TUSCALOOSA, Ala. – A team of six University of Alabama mechanical engineering students were selected to participate in testing at the Johnson Space Center in Houston, Texas.
The students were selected by NASA for the third consecutive year based on a competitive proposal submitted for the Micro-g Neutral Buoyancy Experimental Design Teams. This program challenges undergraduate students to design, build and test a tool or device that fixes a current space exploration challenge.
UA’s proposal was to create a device to detect and repair damage and holes to the side of the international space station. The device was tested in the NASA Johnson Space Center Neutral Buoyancy Laboratory on Tuesday, June 5, by a diver taking direction from the student team.
The tool consisted of two pieces, a handle and a guide. The third piece, a plug, was placed into the guide, and the handle was used to push it into the hole.
“In the water, it is really difficult for the diver to hold all three pieces. The tool pieces were tethered together and then tethered to the diver and the plugs were also tethered to the diver,” said Dr. Beth Todd, UA mechanical engineering professor. “Several holes were patched and the tool sort of works, but the interaction of the tethers with the pieces needs to be redesigned.”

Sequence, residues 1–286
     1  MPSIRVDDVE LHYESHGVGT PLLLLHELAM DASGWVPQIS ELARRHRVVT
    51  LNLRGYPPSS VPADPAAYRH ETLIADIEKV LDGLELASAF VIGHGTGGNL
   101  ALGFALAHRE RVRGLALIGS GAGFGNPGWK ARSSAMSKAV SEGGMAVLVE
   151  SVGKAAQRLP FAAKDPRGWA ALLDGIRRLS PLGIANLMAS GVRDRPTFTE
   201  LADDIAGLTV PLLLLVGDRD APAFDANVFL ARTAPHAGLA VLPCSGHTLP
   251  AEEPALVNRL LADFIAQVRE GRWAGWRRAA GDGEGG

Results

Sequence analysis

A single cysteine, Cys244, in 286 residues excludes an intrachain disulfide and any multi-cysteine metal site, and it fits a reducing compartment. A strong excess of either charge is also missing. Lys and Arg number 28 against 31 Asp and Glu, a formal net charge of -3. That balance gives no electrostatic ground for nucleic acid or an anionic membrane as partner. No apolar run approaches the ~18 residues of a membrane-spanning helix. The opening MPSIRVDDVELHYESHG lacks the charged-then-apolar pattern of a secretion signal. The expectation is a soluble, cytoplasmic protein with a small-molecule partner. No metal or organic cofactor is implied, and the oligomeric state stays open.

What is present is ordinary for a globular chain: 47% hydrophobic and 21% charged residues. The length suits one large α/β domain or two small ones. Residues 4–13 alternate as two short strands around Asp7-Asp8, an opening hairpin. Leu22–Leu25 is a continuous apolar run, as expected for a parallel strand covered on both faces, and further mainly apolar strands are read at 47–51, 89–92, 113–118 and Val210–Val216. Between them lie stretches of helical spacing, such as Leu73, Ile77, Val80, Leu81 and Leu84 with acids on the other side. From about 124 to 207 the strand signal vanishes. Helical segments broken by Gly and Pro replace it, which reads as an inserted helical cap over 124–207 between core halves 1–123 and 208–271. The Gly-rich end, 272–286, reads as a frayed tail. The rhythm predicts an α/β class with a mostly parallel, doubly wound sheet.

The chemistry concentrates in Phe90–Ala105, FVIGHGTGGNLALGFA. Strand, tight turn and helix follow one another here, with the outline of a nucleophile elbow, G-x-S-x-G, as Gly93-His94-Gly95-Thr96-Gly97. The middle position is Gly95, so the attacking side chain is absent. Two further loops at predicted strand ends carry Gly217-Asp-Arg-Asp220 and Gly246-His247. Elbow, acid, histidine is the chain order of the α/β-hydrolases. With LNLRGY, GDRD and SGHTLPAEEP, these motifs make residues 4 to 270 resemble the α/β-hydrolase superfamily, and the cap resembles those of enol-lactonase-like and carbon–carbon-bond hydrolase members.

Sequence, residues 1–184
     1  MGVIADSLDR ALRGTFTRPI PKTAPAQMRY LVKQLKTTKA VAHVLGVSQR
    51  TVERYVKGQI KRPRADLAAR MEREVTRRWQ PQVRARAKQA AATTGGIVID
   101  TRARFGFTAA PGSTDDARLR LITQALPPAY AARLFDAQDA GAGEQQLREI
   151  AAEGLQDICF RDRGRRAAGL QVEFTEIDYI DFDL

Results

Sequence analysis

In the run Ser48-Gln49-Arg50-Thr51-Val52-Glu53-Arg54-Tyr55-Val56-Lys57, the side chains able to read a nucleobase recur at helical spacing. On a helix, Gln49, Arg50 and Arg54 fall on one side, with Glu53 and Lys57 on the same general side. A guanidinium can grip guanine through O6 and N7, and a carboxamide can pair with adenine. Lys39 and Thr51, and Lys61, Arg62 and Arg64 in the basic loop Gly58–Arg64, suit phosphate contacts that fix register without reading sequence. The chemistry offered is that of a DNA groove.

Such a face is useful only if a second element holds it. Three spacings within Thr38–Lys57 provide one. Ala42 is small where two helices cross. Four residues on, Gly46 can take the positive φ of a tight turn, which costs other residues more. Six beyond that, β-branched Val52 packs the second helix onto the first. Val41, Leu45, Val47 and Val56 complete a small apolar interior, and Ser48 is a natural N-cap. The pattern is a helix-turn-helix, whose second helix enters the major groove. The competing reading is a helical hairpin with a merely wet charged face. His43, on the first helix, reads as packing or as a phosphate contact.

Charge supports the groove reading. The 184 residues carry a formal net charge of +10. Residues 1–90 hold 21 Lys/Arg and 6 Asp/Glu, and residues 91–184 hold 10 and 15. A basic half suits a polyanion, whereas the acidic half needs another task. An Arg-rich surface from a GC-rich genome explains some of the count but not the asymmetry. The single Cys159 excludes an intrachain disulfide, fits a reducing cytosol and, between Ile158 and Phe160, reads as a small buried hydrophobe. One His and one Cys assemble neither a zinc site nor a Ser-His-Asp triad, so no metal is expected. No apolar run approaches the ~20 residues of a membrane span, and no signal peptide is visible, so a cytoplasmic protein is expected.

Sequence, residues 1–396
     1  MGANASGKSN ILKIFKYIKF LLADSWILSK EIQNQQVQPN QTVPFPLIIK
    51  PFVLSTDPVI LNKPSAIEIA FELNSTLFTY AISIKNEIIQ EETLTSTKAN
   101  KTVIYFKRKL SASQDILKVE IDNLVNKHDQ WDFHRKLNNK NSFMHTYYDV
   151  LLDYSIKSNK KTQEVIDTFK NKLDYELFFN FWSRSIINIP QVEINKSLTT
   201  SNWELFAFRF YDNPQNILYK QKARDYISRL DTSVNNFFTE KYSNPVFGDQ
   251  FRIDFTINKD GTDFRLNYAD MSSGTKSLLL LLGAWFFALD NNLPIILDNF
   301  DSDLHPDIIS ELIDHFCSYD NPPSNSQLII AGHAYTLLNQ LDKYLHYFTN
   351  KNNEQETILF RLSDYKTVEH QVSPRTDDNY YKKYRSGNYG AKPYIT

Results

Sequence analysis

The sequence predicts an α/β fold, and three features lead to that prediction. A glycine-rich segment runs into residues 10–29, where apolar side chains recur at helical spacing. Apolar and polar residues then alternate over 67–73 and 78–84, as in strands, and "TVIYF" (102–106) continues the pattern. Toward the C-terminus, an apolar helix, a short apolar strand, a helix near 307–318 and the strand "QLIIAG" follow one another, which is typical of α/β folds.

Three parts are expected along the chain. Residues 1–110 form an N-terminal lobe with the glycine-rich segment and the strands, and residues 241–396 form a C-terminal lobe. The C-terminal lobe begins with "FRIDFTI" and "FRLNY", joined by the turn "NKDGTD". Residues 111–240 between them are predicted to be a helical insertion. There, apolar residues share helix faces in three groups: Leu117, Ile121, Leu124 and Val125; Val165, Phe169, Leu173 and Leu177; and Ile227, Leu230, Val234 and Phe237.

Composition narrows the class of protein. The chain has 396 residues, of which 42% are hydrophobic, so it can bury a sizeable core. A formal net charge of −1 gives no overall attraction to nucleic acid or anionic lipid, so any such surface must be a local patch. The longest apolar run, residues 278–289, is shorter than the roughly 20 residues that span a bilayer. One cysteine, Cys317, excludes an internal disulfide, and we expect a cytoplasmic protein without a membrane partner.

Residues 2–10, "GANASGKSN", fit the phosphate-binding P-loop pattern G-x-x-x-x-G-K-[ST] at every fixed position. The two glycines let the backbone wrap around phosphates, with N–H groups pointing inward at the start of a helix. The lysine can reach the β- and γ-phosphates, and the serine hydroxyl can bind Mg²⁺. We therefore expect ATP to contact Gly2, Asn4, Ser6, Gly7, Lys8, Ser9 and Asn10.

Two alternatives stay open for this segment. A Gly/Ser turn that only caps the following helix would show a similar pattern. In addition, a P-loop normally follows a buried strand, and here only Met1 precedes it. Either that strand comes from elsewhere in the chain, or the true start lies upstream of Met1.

The six mechanical engineering students that participated in this testing were 2018 graduates Meichelle South, Keating Mefford, Austin Brett Lewter, John Coleman Wlodarski, Brandan Banker and senior Katie Lambert.
In 1837, The University of Alabama became one of the first five universities in the nation to offer engineering classes. Today, UA’s College of Engineering has more than 5,800 students and more than 130 faculty. In recent years, students in the College have been named USA Today All-USA College Academic Team members, Goldwater, Hollings, Portz, Boren, Mitchell and Truman scholars.